American Cancer Society aimed for clarity with revised breast
screening guidelines released last week, but Seattle-area
doctors and patient advocates worry that most women will still
be confused about their care.
average risk of breast cancer should start getting mammograms
at age 45, and get them annually until age 55, when they
should be screened every other year, the new guidelines say.
Plus, women can skip routine breast checks.
a change from the 2003 ACS advice, which recommended
mammograms every year starting at age 40, plus regular manual
exams by doctors.
closer to, but still different from, the U.S. Preventive
Services Task Force (USPSTF) recommendations that say most
women can wait until age 50 to start getting mammograms and
then get them every other year.
result? Many women still won’t know what to do, said Dr.
Joann G. Elmore, a University of Washington professor of
medicine and epidemiology who studies breast screening.
think the practical effect might be confusion," Elmore
said. "Women may be frustrated by the variability of
these back-and-forth guidelines."
about when and how often women should get mammograms have been
a hot debate for years, including the USPSTF guidelines used
as a basis for government health-insurance programs.
guidance likely won’t help, said Teri Pollastro, 55, a
patient advocate with Seattle’s Fred Hutchinson Cancer
Research Center who has been living with Stage 4 metastatic
breast cancer for years.
think it’s going to be more confusing, personally,"
Pollastro said. "My hope for these guidelines is that
they will spur a conversation between their primary care
doctor and the patient about what is the right age for me: Is
it 40 or 45?"
such conversations is the point of the new guidelines, which
were based on a rigorous, systematic review of evidence
published Tuesday in JAMA.
of researchers spent more than two years reviewing all
available data about breast cancer screening, said Ruth
Etzioni, a Fred Hutch biostatistician who helped draft the
study showed that regular screening exams in women aged 40 to
69 reduced the number of breast cancer deaths. The
recommendations aimed to balance the known benefits of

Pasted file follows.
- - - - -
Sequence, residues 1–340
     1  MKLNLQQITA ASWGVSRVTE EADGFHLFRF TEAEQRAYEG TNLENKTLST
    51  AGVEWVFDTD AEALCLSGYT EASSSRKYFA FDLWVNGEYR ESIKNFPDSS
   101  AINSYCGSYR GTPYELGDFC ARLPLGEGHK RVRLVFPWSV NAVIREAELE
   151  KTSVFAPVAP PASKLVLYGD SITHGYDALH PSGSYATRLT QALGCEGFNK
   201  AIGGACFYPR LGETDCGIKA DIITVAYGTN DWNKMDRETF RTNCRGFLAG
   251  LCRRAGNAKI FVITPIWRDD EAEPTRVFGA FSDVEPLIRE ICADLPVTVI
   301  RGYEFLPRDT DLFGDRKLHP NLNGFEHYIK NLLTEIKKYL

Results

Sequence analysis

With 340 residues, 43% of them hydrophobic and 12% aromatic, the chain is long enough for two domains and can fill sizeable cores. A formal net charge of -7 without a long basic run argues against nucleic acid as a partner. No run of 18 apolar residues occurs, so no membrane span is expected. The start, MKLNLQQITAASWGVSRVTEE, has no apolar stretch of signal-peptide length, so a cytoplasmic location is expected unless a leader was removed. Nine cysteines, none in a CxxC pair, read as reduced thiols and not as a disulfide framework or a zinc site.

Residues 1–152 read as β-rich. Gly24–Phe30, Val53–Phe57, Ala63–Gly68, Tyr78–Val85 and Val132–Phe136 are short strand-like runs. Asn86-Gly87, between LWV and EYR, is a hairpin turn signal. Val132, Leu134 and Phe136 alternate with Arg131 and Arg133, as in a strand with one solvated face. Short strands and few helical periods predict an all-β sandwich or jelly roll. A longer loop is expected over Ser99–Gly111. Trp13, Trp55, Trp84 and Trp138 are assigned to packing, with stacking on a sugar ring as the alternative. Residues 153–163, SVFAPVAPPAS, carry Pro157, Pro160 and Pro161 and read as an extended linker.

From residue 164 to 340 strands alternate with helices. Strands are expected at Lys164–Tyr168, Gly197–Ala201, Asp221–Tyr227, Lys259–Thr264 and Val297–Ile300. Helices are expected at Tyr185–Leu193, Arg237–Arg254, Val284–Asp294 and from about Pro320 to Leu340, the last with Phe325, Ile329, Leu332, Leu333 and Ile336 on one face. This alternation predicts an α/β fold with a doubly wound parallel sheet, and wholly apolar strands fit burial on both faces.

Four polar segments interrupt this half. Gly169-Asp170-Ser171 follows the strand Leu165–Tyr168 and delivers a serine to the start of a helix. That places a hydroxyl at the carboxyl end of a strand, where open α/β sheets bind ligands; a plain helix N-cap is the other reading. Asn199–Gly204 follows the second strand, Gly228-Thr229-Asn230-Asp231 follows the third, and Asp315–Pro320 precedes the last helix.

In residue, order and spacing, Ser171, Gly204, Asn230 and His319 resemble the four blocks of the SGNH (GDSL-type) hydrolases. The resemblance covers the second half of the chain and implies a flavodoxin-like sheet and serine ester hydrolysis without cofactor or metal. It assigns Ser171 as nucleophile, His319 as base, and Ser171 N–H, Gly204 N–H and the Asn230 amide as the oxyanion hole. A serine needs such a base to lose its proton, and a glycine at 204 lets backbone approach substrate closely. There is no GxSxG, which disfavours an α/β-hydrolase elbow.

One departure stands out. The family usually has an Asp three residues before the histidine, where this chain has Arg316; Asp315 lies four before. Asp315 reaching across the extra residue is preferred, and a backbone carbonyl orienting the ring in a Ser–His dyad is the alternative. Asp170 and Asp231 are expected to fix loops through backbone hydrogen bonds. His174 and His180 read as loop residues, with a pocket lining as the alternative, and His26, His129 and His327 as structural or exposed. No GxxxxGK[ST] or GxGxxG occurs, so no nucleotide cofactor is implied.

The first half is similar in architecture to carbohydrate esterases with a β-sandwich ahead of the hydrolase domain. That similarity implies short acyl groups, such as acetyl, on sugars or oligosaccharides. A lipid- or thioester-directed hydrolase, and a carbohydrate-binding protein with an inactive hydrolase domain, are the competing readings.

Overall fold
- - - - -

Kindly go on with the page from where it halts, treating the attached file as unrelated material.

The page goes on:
mammogram screening with potential risks and harms, including
problems with over-diagnosis and overtreatment, Etzioni said.
saying you don’t all have to run for mammograms at age 40,’"
Etzioni said. "It’s giving women more flexibility. In a
way, it’s saying, ‘Don’t panic.’"
230,000 women in the U.S. are diagnosed with breast cancer
each year, and more than 40,000 die, according to the ACS.
Deaths from breast cancer have declined steadily since about
1990, thanks to better detection and treatment, the study
defining when and how to screen women based on trustworthy
science has been difficult, Etzioni said. The new guidelines
attempt to reconcile what is known with what is not, she
really a new understanding of the limits of the
evidence," she said.
example, the evidence showed little benefit from clinical
breast examinations, the annual manual exams in which doctors
or other health providers feel a woman’s breasts to detect
palpable lumps or other problems.
recommendation that women at average risk skip such exams is
bound to be controversial, said Dr. Benjamin O. Anderson, a
University of Washington professor of surgery who directs the
Breast Health Clinic at the Seattle Cancer Care Alliance.
am actually disappointed in that," said Anderson, who is
also a Komen Scholar with Susan G. Komen, the national cancer
advocacy group. "The issue with clinical breast exam is
that it has not been studied in the same way."
he hoped doctors would continue the exams.
Seattle patient advocate who works with poor and minority
women says she worries that the new guidelines still don’t
adequately reflect the people she sees.
does not include the underserved population," said
Bridgette Hempstead, chief executive of Cierra Sisters, a
breast cancer support group for black women. "We will let
them know about the new national guidelines. But we will say,
€˜Now you need to have a very firm conversation with your
not clear what effect, if any, the new ACS guidelines will
have on insurance coverage of mammograms, Etzioni said. In the
U.S., the Affordable Care Act and some state laws require most
private health plans, Medicaid and Medicare to cover breast
editorial accompanying the JAMA report by Dr. Nancy L. Keating
of Harvard Medical School and Dr. Lydia Pace of Brigham and
Women’s Hospital in Boston emphasized that women need to
become informed consumers who weigh the risks and benefits of
screening in consultation with their health providers.
is important to remember and emphasize with average-risk women
older than 40 years that there is no single right answer to
the question: ‘Should I have a mammogram?’"
GUIDELINES FROM AMERICAN CANCER SOCIETY
Women should undergo regular mammography starting at age 45.
Women 45 to 54 years old should be screened annually.
Women 55 years and older should transition to screening every
other year, or have the opportunity to continue screening
Women should have the opportunity to begin annual screening
between the ages of 40 and 44.
Women should continue screening mammography as long as their
overall health is good and they have a life expectancy of 10
years or longer.
Clinical breast examination is not recommended for breast
cancer screening among average-risk women at any age.